Saturday, February 20, 2010

Short Film Review: Contact

is a new short film directed by indie horror master, Jeremiah Kipp. To say that the film leaves an indelible mark is somewhat of an understatement. I mean, is there a director working today who can do more with 11 minutes of film? I dare say not!

Contact is an artistic and visually stunning display of workmanship, from the gritty black and white color of the film to the perfectly accentuated music, this is like high couture art house horror. The viewer is simply mesmerized and for the next 11 minutes, we're in Kipp's hands, the world around us, oblivion.

Perhaps what makes this film so remarkable is that it contains practically no dialogue. Facial expressions and music show us the core of this story, which in the end, the viewer is left to their own conclusions. The film stars Zoe Daelman Chlanda and Robb Leigh Davis as the two principal characters with brilliant turns by Allen Rowe Kelly, Katherine O'Sullivan, Tom Reid and Danny Lopes in supporting roles.

While watching this film, I was reminded of one of Kipp's earlier works, The Pod. Contact felt like a stripped-down, or un-plugged, version of that earlier movie. In Contact, the emotion of what's happening on screen are displayed in their rarest and rawest form.

In the end, after watching Contact, the viewer is left near breathless. Never before have I watched 11 minutes of film and felt as is if I had watched an entire movie. That's a truly remarkable experience and another reason why Jeremiah Kipp is one hell of a director.

I give Contact ***** out of *****. Want to see it for yourself, check it out HERE!

Sunday, February 14, 2010

DVD Review: London Betty

London Betty, the latest movie by independent filmmaker Thomas Edward Seymour, is one the films that I have been anticipating to see in 2010. It has done very well on the indie award circuit, having grabbed Best Connecticut Film at the Silk City Film Festival, Best Feature Film at the Accolade Film Competition as well as receiving the Underground Spirit Award at the New Haven Underground Film Festival. Not to mention the fact that these guys even got Clint Howard to do the narration on the film, Broadway starlet Nicole Lewis to star in it and Daniel Von Bargen to play a part as well. And with Seymour's past efforts being some of my favorite independent films (Land of College Prophets, Bikini Bloodbath, etc.), needless to say, I was stoked when I found it in my mailbox.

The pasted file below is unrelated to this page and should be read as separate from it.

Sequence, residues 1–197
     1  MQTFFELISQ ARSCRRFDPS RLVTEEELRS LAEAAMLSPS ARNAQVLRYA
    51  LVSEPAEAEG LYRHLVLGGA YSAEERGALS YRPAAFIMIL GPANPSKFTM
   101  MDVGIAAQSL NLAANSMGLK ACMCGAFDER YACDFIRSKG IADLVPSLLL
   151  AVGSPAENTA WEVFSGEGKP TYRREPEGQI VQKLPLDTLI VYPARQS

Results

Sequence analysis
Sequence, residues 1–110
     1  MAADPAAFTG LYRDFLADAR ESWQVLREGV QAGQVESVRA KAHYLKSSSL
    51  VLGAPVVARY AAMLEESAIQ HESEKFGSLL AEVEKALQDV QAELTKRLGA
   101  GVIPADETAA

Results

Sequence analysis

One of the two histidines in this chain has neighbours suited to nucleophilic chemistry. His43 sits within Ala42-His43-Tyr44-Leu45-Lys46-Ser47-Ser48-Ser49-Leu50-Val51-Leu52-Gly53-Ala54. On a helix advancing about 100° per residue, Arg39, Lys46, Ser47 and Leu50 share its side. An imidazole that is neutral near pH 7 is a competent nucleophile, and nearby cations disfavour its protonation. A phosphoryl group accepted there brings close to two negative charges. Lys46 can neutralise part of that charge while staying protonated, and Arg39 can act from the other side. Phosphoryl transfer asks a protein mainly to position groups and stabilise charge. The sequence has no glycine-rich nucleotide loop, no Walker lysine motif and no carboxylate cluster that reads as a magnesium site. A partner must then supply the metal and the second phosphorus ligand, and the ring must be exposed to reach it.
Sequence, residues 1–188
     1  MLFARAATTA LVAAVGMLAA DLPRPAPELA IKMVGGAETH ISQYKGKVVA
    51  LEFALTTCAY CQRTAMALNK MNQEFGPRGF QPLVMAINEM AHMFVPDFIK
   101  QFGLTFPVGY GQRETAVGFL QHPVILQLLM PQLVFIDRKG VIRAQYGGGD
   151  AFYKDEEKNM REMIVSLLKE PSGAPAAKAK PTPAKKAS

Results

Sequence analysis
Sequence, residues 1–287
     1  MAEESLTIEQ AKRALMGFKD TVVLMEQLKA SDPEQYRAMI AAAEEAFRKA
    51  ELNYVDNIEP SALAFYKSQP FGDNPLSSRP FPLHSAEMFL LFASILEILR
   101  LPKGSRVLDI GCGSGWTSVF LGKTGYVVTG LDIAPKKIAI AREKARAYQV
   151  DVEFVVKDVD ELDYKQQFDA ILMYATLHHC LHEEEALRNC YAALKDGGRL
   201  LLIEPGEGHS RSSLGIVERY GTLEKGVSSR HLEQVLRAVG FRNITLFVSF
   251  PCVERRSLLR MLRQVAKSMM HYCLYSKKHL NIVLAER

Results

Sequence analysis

London Betty tells the tale of a girl (Betty) who comes to America from England in search of a job as a journalist for a reputable newspaper. Instead, she finds herself working for a recluse (Von Bargen), making friends with thieves, whores and a tranvestite ex-soldier, getting kidnapped, fighting for her life and more.

This film, like Seymour's past efforts, is filled with hilarious characters, each of which is wonderfully acted by the usual cast of actors, including Seymour himself, Russ Russo, Dick Boland, Phil Hall, Philip Guerette and Matt Ford. But what sets this film apart is that it shows a more mature directorial effort as the quality of the film is simply the best that Seymour has produced thus far. From his earlier efforts through London Betty, each film shows a progression in his experience as a filmmaker and this film has the awards to prove it.

Do yourself a favor and check out London Betty. This is a hilarious film that's definitely worth watching. I've been saying it for years that truly original movies are not coming out of Hollywood any more. They're being done by the independent filmmakers who unfortunately don't get the recognition they deserve. London Betty is a perfect example of my belief. With an excellent story, engaging characters and a few plot twists, London Betty is a fun movie to watch. And just wait until you get a load of Sgt. "Barbara" Stone!

Oh, and for fans of Land of College Prophets, keep your eyes peeled and you just might catch a glimpse of The Well That Ate Children. Nice touch!

London Betty gets ****1/2 out of *****. Mmmm...Tasty!